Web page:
Pioneering aircraft from the Battle of Jutland to be brought to life in an exhibition at the Fleet Air Arm Museum

New exhibition to mark the centenary of the Battle of Jutland and a pioneering era of aviation
 
The exhibition at the Fleet Air Arm Museum (FAAM) in Yeovilton tells the story of the only aircraft to fly during the battle, the Short Type 184, and of its pilot, Frederick Rutland, who became known as ‘Rutland of Jutland’
 
The remains of Short 184 will be innovatively displayed for the exhibition which opens on May 18th
 
A replica of First World War aircraft Sopwith Baby, complete with Le Prieur rockets which were the world’s first air-to-air missiles, has also been restored for display alongside the Short 184
 
The historically-important and fascinating stories of two First World War aircraft are to be told as part of an exciting new exhibition to mark the centenary of the Battle of Jutland at The National Museum of the Royal Navy’s Fleet Air Arm Museum (FAAM).
 
The exhibition will feature The Short Type 184, the only aeroplane to fly over the vast swathes of the North Sea during the battle, which involved 250 warships and saw 7,000 sailors killed, 100 years ago. It was embarked in HMS Engadine and its reconnaissance flight was a key part of the battles operation. The remains of the pioneering aircraft will be displayed with a visual presentation of what she looked like as a complete aircraft. 
 
The Sopwith Baby, complete with Le Prieur anti-zeppelin rockets, which were really glorified fireworks, will go on display next to the remains of the Short Type 184 for the Jutland exhibition opening on May 18th. 
Aircraft Curator at the FAAM, Dave Morris, said: “The Short Type 184’s reconnaissance role was a real menace to the German shipping. It was one of the first aircraft to be built in our local town of Yeovil by Westland Aircraft Ltd,  so it’s really significant to have it here at the museum, and so close to the Royal Navy Air Station at Yeovilton. 
 
“Poor weather at Jutland had actually kept the German zeppelins out of the game and this allowed the Short 184 to spot German battleships and relay vital messages back to the British fleet. The exhibition will also bring to life Short 184’s famous pilot Frederick Rutland, who became known as the ‘Rutland of Jutland’. He went from being a hero in the First World War to being interned as a traitor in the Second World War.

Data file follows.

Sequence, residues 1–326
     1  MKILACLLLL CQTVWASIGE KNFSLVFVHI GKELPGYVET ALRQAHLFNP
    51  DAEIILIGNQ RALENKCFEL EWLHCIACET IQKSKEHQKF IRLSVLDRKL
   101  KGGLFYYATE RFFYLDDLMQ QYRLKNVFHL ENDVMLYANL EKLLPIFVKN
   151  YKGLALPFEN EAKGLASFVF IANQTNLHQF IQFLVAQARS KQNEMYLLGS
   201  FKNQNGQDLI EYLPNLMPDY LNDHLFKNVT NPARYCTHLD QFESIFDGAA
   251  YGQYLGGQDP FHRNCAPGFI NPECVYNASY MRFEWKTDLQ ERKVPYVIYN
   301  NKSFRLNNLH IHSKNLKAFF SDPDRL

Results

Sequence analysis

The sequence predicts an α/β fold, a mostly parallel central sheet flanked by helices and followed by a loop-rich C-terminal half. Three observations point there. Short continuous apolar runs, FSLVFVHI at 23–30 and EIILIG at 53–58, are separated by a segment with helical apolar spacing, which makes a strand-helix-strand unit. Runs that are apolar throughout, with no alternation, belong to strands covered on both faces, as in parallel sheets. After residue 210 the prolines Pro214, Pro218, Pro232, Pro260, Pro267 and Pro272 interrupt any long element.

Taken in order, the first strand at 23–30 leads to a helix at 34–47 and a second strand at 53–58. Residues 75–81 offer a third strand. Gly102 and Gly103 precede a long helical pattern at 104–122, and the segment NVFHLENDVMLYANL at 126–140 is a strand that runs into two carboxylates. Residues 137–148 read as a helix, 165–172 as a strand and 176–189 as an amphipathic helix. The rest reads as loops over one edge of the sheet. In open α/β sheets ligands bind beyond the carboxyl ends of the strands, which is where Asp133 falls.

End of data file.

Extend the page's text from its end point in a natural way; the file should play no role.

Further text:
“We’re equally excited about the impressive Sopwith Baby replica. The two aircraft and their stories will look stunning and I’m sure will excite many visitors, old and new.”
 
Two Sopwith Baby aircraft were embarked in HMS Engadine at Jutland (along with the Short Type 184) in anticipation of zeppelin attacks.
 
The museum’s Sopwith Baby is a replica built by Royal Naval Engineering Apprentices in the 1970s. However it utilises some components using from two original First World War Sopwith Baby aircraft. 
 
To complete the aircraft for exhibition, Dave Morris and his team, Richard Barlow and Will Gibbs, used original engineering drawings to replicate the Le Prieur rockets. 
 
The exhibition on Jutland ties in with The National Museum of the Royal Navy’s blockbuster exhibition 36 Hours: Jutland 1916, The Battle That Won The War, which launches at Portsmouth Historic Dockyard on May 19th.
 

Concorde 002

No visit to the Fleet Air Arm Museum would be complete without going on board Concorde 002. Following some thirteen years of development Concorde 002 was the fist British Concorde to take to the skies, taking off from Filton, Bristol on April 9th 1969. (Concorde 001 took off from Toulouse France on March 2nd 1969).

This photo was taken on 4th March 1976, of test pilot Brian Trubshaw to comemorate the last flight of Concorde 002.